The result was "Saturday Night Live" (NBC, 1975- ), with Michaels tapped to produce and Shuster included among the program's initial staff of writers. "SNL" proved to be the launching point for several major new stars, including John Belushi, Chevy Chase, Gilda Radner and Dan Aykroyd, and while their individual talents were a major part of that accomplishment, the quality of the program's writing was also a key factor. Shuster found a suitable creative partner in Anne Beatts and their efforts led to such iconic characters as Gilda Radner's beloved Emily Litella, Baba Wawa, and Roseanne Roseannadanna, among others. However, both women were forced to deal with the inherent sexism in comedy circles of the time and had a recurring foe in Belushi, who eventually refused to act in anything they had written. Although Michaels asked Shuster and Beatts to concentrate on material for female cast members Radner, Laraine Newman and Jane Curtin, they still managed to come up with sketches featuring others that struck a chord, including the popular Killer Bees. "SNL" helped revolutionize late night comedy, but success was not without its price. The stress of producing the show on a demanding schedule took its toll on Shuster and Michaels' marriage and they started seeing other people. Shuster soon moved in with Aykroyd, while still married to Michaels, which led to some bemused perceptions of their relationships.
By 1980, "SNL" was in a state of chaos and the majority of performers and behind the scenes talent departed for good. An exception was Shuster, who legally and professionally split from Lorne Michaels that year, but rejoined the writing staff a few months later. After splitting from Aykroyd, she entered into a relationship with painter John Alexander and the two later married in 1987. In between her ongoing "SNL" obligations, Shuster also found time to work on other projects. Having helped in the creation of some of Radner's most endearing characters, she was a natural to contribute to the Broadway production "Gilda Radner - Live from New York" (1979), later released to movie theatres as "Gilda Live!" (1980), and she took a small acting role in the popular feature film offshoot of "The Blues Brothers" (1980), appearing as a cocktail waitress alongside Belushi's wife and Schuster's close friend, Judy Jacklin-Belushi. Shuster was also given the opportunity to work once more with Beatts on "Square Pegs" (CBS, 1982-83), the acclaimed but short-lived sitcom created by her former colleague, and they were among the contributors to the book Titters 101: An Introduction to Women's Literature (1984).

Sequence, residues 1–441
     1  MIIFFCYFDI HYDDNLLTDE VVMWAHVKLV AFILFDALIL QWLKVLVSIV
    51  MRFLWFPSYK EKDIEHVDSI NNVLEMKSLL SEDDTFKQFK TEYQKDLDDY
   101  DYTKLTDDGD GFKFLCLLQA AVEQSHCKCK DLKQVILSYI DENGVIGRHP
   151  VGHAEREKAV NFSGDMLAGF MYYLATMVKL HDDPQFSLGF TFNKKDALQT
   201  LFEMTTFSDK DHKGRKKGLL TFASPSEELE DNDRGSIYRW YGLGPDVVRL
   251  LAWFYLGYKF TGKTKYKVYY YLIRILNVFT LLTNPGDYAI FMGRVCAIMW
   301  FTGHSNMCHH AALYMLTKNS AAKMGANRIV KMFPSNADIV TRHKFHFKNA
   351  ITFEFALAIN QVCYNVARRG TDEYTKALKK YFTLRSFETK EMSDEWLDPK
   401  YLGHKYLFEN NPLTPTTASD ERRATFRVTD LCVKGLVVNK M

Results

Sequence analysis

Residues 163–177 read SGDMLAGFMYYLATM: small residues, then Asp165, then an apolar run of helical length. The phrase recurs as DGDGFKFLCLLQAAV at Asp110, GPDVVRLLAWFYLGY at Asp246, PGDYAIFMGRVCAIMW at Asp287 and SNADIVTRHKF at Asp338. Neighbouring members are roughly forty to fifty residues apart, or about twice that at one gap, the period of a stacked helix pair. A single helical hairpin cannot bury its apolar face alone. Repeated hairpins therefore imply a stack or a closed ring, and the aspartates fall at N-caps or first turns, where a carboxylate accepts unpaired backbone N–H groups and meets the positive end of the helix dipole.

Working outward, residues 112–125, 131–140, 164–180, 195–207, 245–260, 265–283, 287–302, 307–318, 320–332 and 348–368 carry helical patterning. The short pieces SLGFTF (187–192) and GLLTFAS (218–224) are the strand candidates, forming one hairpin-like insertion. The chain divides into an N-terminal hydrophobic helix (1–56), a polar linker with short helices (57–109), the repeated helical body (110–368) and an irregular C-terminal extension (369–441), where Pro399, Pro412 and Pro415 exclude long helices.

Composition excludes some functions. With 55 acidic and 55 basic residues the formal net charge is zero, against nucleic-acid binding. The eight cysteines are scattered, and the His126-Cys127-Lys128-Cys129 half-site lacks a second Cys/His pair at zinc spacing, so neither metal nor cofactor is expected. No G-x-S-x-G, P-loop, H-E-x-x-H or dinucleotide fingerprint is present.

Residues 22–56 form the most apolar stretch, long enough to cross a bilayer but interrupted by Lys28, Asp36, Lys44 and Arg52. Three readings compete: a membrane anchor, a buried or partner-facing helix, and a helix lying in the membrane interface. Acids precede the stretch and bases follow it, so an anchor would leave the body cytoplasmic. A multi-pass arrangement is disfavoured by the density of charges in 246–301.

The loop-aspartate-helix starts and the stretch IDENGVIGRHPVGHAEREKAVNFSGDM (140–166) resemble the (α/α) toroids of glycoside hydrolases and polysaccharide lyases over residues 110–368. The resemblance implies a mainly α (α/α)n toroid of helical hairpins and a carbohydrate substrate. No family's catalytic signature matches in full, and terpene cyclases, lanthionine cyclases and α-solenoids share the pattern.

Shuster left "SNL," but returned again in 1986, staying for two more seasons. Upon finishing with the show in 1988, she had won a pair of Primetime Emmys for Outstanding Writing in a Comedy-Variety or Music Series and earned several nominations. Shuster's union with Alexander ended during this time and her output slowed down a bit in the years that followed, though she did work on a few interesting projects. A much younger cousin of Superman creator Joe Shuster, she participated in the construction of the special "Superman's 50th Anniversary: A Celebration of the Man of Steel" (CBS, 1988), produced by Lorne Michaels and featuring several other "SNL" veterans doing on-camera duties. Shuster also struck up an artistic partnership with Carol Burnett and worked on "Carol & Company" (NBC, 1990-91) and a new, short-lived incarnation of "The Carol Burnett Show" (CBS, 1991). Additionally, she penned episodes of "The Larry Sanders Show" (HBO, 1992-98), receiving another Emmy nomination, and the animated series "Bob and Margaret" (Comedy Central, 1998-2002).
By John Charles